New Delhi: Following the culmination of the 2+2 Dialogue at the foreign and defence ministerial level, India and the United States on Thursday inked the crucial defence Communications Compatibility and Security Agreement (Comcasa) which will facilitate the obtaining by India of critical defence technologies from the US, access to critical communication networks installed on American defence platforms and reportedly pave the way for the sale of hi-tech armed drones to India. After the dialogue between external affairs minister Sushma Swaraj, defence minister Nirmala Sitharaman, US secretary of state Mike Pompeo and defence secretary Jim Mattis, the two countries also decided to carry out a massive tri-service exercise next year off India’s eastern coast, with New Delhi deciding to “enhance its interactions with the US military’s Central Command”.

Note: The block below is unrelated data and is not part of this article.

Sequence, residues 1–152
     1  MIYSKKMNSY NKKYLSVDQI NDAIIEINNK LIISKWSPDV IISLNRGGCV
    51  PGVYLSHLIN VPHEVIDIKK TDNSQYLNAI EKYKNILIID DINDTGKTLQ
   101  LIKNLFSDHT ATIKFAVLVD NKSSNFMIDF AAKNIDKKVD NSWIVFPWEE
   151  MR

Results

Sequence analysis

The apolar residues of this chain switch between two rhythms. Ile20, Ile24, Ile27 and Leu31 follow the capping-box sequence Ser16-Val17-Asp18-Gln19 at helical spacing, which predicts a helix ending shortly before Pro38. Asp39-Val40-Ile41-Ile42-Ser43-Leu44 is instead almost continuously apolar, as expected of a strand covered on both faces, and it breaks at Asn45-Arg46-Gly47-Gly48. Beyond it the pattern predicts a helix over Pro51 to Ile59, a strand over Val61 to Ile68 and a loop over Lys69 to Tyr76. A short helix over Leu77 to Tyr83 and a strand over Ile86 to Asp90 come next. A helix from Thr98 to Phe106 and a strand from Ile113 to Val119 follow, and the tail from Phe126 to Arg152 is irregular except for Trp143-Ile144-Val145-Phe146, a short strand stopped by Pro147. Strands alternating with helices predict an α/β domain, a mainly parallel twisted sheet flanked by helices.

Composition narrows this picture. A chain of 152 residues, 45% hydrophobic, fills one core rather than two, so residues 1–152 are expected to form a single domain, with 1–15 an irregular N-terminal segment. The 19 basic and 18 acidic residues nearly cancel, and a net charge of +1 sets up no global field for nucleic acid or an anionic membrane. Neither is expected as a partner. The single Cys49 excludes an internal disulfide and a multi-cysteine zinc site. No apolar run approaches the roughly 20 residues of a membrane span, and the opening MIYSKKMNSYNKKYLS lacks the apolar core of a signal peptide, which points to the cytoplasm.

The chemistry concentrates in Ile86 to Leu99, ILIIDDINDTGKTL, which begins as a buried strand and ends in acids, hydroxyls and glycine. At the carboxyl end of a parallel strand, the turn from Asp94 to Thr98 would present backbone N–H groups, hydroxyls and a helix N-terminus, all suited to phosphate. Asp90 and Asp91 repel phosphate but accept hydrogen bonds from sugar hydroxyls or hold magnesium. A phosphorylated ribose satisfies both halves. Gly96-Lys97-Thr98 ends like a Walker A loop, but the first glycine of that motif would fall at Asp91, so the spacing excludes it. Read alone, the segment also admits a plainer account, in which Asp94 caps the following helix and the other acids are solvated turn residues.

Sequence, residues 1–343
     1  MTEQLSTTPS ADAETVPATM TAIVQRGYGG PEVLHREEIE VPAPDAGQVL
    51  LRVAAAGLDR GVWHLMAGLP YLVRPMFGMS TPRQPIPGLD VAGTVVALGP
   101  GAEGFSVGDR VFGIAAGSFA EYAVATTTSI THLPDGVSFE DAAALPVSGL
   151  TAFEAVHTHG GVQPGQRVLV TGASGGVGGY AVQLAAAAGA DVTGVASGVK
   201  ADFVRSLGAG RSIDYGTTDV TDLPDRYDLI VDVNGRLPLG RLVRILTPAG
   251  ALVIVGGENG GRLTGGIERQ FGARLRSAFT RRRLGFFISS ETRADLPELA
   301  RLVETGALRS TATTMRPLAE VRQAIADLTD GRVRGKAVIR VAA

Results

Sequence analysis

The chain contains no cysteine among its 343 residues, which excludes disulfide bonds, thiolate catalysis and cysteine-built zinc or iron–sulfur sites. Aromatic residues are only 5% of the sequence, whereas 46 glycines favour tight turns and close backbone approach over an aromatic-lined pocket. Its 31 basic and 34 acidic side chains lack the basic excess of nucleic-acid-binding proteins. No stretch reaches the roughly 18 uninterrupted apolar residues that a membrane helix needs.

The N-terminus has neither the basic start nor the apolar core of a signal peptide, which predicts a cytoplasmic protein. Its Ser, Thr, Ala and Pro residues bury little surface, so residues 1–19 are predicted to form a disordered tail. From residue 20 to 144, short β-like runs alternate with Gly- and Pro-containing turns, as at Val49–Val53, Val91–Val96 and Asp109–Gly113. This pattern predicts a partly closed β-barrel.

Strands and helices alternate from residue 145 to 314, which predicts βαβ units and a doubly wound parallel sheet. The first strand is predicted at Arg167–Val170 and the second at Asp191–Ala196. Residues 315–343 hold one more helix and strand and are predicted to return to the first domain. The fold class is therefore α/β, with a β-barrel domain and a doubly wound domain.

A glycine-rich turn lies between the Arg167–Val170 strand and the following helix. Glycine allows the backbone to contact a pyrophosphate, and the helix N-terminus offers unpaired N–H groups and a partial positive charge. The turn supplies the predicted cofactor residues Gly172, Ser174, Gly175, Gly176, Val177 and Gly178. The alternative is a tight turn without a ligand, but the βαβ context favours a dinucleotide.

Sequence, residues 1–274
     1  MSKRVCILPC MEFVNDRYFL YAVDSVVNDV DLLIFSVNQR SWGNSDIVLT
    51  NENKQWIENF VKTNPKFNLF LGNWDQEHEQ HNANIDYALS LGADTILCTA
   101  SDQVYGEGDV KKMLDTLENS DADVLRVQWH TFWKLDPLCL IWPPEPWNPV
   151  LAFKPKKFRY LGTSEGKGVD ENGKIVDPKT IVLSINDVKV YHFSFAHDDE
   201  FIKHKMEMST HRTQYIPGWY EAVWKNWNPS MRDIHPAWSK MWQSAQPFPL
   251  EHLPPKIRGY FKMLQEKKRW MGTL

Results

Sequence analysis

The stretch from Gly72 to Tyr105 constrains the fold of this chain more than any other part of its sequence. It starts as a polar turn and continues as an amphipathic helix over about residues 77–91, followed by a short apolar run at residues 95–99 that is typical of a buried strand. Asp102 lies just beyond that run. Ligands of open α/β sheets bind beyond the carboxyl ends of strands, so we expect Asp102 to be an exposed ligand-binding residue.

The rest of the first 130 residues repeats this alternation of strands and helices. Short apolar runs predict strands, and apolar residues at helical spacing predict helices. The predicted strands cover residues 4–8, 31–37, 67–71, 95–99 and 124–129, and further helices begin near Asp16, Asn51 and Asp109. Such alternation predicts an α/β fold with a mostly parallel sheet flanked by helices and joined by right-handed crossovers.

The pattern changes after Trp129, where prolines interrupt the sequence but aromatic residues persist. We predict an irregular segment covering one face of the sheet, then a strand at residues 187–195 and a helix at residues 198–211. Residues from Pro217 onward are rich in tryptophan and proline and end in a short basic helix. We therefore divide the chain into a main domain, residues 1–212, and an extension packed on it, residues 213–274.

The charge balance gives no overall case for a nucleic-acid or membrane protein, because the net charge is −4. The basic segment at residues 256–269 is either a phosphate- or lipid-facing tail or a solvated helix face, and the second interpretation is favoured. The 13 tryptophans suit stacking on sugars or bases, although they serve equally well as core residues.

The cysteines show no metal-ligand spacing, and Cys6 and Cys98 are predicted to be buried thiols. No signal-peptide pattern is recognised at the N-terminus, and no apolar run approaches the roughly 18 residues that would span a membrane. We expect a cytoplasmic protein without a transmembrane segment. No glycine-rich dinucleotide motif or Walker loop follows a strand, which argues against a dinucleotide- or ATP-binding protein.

It was also decided to establish “hotlines” of communication between the two Indian ministers and their respe-ctive American counterparts. In another development of huge significance, the two countries also called on Pakistan to ensure that the territory under its control is not used to launch terrorist attacks on other countries, adding that they called on Islamabad to “bring to justice expeditiously the perpetrators of the Mumbai, Pathankot, Uri, and other cross-border terrorist attacks”. New Delhi also said it “supports President Trump’s South Asia Policy” and that “his call for Pakistan to stop its policy of supporting cross-border terrorism finds resonance” with it.
New Delhi also raised the H1B visa issue, with Ms. Swaraj asking the US to keep the trust of Indians in their belief that it would not do anything against their interests. The issue of import of Iranian oil and Russian arms like the S-400 was also discussed, with New Delhi putting across its case forcefully to Washington and hoping for waivers in both cases. Later, speaking to the American media on India’s proposed S-400 missile deal with Russia, US Secretary of State Mike Pompeo said the US did not intend to penalise “great strategic partners like India” but added that no decision had yet been made on granting a waiver to New Delhi for the deal.